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Synopsis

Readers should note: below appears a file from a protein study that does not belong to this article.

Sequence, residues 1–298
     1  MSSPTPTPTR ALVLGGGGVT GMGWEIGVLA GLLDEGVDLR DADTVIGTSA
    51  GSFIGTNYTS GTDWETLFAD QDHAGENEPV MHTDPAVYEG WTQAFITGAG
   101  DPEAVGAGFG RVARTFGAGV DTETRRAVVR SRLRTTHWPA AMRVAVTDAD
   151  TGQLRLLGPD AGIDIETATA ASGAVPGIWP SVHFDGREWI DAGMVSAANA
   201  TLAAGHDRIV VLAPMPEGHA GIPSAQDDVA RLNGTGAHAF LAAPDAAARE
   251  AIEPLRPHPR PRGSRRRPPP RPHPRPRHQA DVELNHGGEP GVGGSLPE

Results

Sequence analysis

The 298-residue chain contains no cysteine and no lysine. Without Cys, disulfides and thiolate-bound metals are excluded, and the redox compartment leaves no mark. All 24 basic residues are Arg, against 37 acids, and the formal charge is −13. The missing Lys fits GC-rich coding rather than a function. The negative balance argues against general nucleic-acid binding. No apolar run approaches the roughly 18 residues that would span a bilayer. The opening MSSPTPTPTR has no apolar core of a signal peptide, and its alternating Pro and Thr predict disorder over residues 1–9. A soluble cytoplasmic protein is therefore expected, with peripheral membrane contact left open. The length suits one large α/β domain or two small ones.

William Wilkie Collins (1824-1889) is best known as the innovator of the English detective novel, whose sensational novels, plays, and short stories were hugely popular in the Victorian era. Today, readers enjoy Collins' intricate and suspenseful plots, and his penetrating social commentary on the plight of women and domestic issues of the time. Unfortunately Collins suffered from rheumatic gout, for which he took the opiate laudanum, and which eventually led to paranoid delusions and the deterioration of his health. "Man and Wife" is an involved novel of two generations of marriages that end in disaster. However, the novel is much more than the story of a helpless Victorian bride at the mercy of her tyrannical husband. Instead, "Man and Wife" explores the complex laws surrounding Irish and Scottish marriages in the 19th century. At that time, people in Scotland were considered married if they simply announced it. Collins's interest in the law, especially marriage and divorce, led to this novel with endless legal loopholes concerning what constitutes a marriage and what doesn't.

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